Take a break from the typical bagged salads and try tasty mustard greens. This salad provides 190 percent of your daily requirement of vitamin A and 170 percent of vitamin C in each serving.

Makes 4 servings
Cooking time: N/A



1 tsp (5 mL) ground cumin

½ tsp (2 mL) ground allspice

¼ tsp (1 mL) salt

4 (3 oz./90 g) boneless, skinless chicken breast halves, trimmed of fat, rinsed and pat dry

1 tbsp (15 mL) canola oil


6 cups (1.5 L) packed fresh mustard greens or spinach or kale, torn into bite-size pieces

½ medium red bell pepper, thinly sliced

1 ripe medium mango, peeled, pitted and chopped


⅓ cup (75 mL) pineapple juice

2 tbsp (30 mL) granulated sugar

3 tbsp (45 mL) white balsamic vinegar

1½ tbsp (20 mL) canola oil

2 tsp (10 mL) grated orange zest

¼ tsp (1 mL) salt

¼ tsp (1 mL) coarsely ground black pepper

⅛-¼ tsp (.5-1 mL) dried pepper flakes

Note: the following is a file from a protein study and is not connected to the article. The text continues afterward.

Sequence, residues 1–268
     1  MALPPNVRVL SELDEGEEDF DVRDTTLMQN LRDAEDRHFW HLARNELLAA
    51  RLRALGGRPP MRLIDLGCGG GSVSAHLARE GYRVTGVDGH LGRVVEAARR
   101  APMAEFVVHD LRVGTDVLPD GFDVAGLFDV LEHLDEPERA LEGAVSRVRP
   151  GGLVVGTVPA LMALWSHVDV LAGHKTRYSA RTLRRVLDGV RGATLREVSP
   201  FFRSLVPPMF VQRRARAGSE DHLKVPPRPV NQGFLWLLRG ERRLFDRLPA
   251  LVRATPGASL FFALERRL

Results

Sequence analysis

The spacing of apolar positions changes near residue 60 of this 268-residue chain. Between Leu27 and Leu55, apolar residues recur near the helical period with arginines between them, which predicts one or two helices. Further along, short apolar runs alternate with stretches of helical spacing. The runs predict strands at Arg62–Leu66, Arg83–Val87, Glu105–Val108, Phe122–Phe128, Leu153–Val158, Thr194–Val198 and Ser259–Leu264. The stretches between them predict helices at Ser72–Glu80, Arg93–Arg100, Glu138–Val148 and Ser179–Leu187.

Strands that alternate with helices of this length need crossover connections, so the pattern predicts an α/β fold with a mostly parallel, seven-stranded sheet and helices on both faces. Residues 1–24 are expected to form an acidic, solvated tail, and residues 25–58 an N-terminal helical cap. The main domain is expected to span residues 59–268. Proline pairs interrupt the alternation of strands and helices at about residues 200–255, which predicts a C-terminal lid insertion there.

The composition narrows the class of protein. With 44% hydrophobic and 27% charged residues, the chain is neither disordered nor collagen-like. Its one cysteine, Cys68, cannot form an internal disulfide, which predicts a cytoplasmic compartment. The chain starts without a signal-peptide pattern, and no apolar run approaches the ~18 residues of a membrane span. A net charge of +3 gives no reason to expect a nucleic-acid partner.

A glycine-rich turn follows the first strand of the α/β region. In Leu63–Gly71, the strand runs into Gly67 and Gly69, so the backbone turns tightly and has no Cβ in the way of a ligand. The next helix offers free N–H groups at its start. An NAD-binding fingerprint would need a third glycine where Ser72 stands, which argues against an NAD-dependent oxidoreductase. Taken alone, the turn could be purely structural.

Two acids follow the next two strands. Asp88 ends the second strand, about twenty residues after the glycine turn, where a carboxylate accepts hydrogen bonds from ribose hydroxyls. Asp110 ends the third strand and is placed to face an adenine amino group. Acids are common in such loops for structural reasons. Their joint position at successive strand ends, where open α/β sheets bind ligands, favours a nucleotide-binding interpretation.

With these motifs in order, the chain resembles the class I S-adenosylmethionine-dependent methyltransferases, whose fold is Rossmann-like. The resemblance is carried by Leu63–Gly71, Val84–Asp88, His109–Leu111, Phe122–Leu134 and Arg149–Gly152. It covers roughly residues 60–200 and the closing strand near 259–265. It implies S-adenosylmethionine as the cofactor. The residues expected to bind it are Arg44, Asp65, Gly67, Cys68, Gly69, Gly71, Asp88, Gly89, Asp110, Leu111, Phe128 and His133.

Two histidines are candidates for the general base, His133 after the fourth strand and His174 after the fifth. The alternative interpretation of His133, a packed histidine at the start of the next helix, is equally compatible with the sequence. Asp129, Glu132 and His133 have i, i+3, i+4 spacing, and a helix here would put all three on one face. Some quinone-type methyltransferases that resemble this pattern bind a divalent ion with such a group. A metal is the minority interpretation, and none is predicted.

1. To prepare chicken: In a small bowl, combine cumin, allspice and salt. Brush both sides of chicken with 1 tbsp (15 mL) canola oil and then sprinkle with cumin mixture. Cook chicken 5 minutes on each side or until no longer pink and juices run clear. Place on cutting board and let stand 5 minutes before thinly slicing diagonally.
  2. Meanwhile, prepare salad by arranging equal amounts of greens, bell pepper, and mango on each of four dinner plates.
  3. To prepare vinaigrette: Whisk together all ingredients. Spoon dressing evenly over each serving and top with equal amounts of chicken slices. Sprinkle with additional black pepper, if desired.


Serving size
1 chicken breast half, about 2 cups (500 mL) salad and 3 tbsp (45 mL) dressing

Recipe courtesy of canolainfo.org, featured in the Canadian Diabetes Association’s 2015 Healthy Living Calendar. To download the latest recipes, visit www.diabetes.ca/calendar.

Nutritional Information

Per Serving
Calories 250
Total Fat 10 g
Saturated Fat 1 g
Cholesterol 40 mg
Sodium 390 mg
Carbohydrates 25 g
Fibre 4 g
Sugars 13 g
Protein 16 g
Potassium 609 mg
Choose dark, leafy greens, such as spinach and kale, for salads and sides. They’re rich in fibre, vitamins and minerals. With vinaigrettes, portion control is key even with healthier options, which still contain fat. – Kathryn Arcudi, registered dietitian, Pointe-Claire, Que.

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